WAX’s Malcolm CasSelle on building the ultimate game item marketplace on the blockchain
When it comes to retrospectively fitting blockchain to an existing product, there are few more dynamic transitions than that being implemented by WAX.
Created by the team behind secondary game item marketplace OPSkins, WAX – formally the Worldwide Asset eXchange – is nothing less than the attempt to take the centralized OPSkins marketplace and fully decentralize it.
I want WAX to create tens of thousands of mini-OPSkins
Indeed, WAX plans to provide the technology to enable anyone to set up their own secondary game item marketplace, significantly expanding what’s already estimated to be a $5 to $50 billion market in terms of annual transaction volume.
“I want WAX to create tens of thousands of mini-OPSkins,” explains president Malcolm CasSelle.
“This is a marketplace-as-a-service, enabling everyone to have their own Amazon.”
As OPSkins’ current situation with Valve’s Steam PC game store highlights, the history of secondary item stores is something of a grey area.
Game developers view them as little better than software piracy writ small, creaming off cash that’s rightfully theirs. But as demonstrated by OPSkins’ incredibly high ranking on Trustpilot, users love the opportunity it provides when it comes to buying and cashing in skins.
What is certain, however, is whether or not formal secondary markets exist, players will find the ways and means to trade in-game items, EULAs or no EULAs.
And it’s this inherent demand that will drive the WAX ecosystem. Of course, bringing such marketplaces to the blockchain – and plenty of other existing companies like Gameflip, GamerToken and Dmarket are also active in this space – adds transparency and faster and more flexible transactions and cash-out options.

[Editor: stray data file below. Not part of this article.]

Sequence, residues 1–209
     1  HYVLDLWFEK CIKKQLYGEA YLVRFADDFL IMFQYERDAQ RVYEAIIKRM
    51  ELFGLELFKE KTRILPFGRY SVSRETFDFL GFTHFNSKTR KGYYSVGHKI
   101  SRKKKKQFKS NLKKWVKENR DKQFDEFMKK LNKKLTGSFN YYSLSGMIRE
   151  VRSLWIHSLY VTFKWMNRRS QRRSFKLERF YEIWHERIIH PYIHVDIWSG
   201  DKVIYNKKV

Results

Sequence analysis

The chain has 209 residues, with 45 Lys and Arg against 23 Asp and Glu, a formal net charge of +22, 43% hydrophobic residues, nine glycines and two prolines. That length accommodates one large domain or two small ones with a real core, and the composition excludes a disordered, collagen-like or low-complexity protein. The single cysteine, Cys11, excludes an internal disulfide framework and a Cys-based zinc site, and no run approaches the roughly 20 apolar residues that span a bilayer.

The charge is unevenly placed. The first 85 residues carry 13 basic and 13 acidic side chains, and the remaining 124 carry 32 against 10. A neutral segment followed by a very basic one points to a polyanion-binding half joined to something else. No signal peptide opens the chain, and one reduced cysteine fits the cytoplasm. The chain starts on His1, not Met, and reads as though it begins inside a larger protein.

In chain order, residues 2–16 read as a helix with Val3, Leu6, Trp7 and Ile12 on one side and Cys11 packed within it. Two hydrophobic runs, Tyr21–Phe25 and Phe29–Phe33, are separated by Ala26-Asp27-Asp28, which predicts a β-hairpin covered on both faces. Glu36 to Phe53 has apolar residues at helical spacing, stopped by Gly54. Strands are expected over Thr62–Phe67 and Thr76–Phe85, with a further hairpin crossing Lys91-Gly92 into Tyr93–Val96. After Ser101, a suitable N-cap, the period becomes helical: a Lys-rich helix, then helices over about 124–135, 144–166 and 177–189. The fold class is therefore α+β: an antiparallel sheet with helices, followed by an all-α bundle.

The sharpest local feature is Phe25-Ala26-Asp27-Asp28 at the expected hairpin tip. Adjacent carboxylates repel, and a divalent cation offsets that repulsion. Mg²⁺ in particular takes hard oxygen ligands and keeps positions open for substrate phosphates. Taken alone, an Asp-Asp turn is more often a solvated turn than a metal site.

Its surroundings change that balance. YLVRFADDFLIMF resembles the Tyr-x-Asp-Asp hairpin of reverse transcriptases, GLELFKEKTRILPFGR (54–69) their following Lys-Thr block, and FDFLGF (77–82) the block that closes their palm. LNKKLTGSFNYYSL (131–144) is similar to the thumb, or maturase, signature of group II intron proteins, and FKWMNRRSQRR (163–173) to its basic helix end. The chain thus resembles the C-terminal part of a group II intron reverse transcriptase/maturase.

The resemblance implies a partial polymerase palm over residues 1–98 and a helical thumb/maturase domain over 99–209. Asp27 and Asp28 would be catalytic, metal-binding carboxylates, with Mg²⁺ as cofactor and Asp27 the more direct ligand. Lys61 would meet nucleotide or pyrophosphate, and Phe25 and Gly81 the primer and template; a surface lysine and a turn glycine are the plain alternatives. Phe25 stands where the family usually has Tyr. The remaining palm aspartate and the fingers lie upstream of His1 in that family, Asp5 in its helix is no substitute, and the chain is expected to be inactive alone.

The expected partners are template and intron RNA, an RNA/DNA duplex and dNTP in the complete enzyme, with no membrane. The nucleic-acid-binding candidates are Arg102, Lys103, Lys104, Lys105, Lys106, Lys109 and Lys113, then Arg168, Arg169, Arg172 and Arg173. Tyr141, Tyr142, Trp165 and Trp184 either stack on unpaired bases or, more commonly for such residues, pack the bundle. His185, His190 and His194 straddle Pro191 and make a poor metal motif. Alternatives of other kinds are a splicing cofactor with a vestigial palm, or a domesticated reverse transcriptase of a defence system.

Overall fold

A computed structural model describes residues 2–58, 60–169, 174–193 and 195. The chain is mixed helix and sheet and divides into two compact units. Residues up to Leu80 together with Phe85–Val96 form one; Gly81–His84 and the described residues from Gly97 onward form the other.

Hence, it could be argued that if the existing users of services such as OPSkins don’t adopt blockchain item marketplaces like WAX, the entire blockchain games sector is going to have to rethink its approach.
As for CasSelle, he’s bullish about the entire project.
“Over the years we’ve had so many companies approaching us to white label OPSkins,” he says.
“In that respect, WAX is the ultimate affiliate service and we have a long list of customers ready to use it when it’s available.”
Pushing at an open door
WAX is currently being implemented and tested in modular fashion within OPSkins, supporting the trading of items from blockchain games such as CryptoKitties. Given the low transaction volume currently generated by such games, it’s hardly a great test.
CasSelle says there are plans afoot for WAX to launch its own non-fungible token to stress test the technology as well as to see how attractive such collectables are to existing OPSkins traders.
More generally, a recent survey suggests a broad overlap between OPSkins users and cryptocurrency holders.
“We were shocked: 55% of millennials in the survey already had crypto,” CasSelle says.
However for the widespread adoption of WAX, he believes the fact it’s a blockchain project powered by its own WAX token should be invisible to users.
“The desire to buy ‘that item’ using a service that is fast, cheap and immediate and in a way that delivers value will be the key,” he explains. “Not what blockchain it runs on.”
Interestingly, the introduction of the new ExpressTrade instantaneous exchange protocol within the current version of OPSkins for non-blockchain game items such as Counter-Strike: Global Offensive skins (a key element of Valve’s beef with OPSkins) already demonstrates the speed at which WAX modules are being deployed.
Our job is to build a portfolio of blockchain games
The wider WAX protocol is somewhat dependent on the deployment and robustness of the underlying EOS blockchain from which it’s forked.
Yet despite some initial issues arising from EOS’ launch, CasSelle says WAX’s blockchain will be live on a testnet “very soon”.
Games drive demand
Perhaps the biggest issue will be how quickly the wider game industry adopts blockchain, though.
Just as OPSkins’ success has piggybacked the popularity of key PC games like CS: GO and Dota 2, so WAX’s trajectory will be dependent on bigger successes than CryptoKitties.
“Our job is to build a portfolio of blockchain games,” CasSelle agrees, saying that’s something he expects to come from what we can now consider the traditional games industry.
“It is happening. At GDC 2017, I was very lonely. No-one would take a meeting. At GDC 2018, my phone ran out of battery,” he adds.
“At least 10 of the top 50 game companies are considering blockchain. Triple-A games are now considering tradable items.
“The CFOs at these company don’t like it. They are justifiably cautious. But development is going ahead.”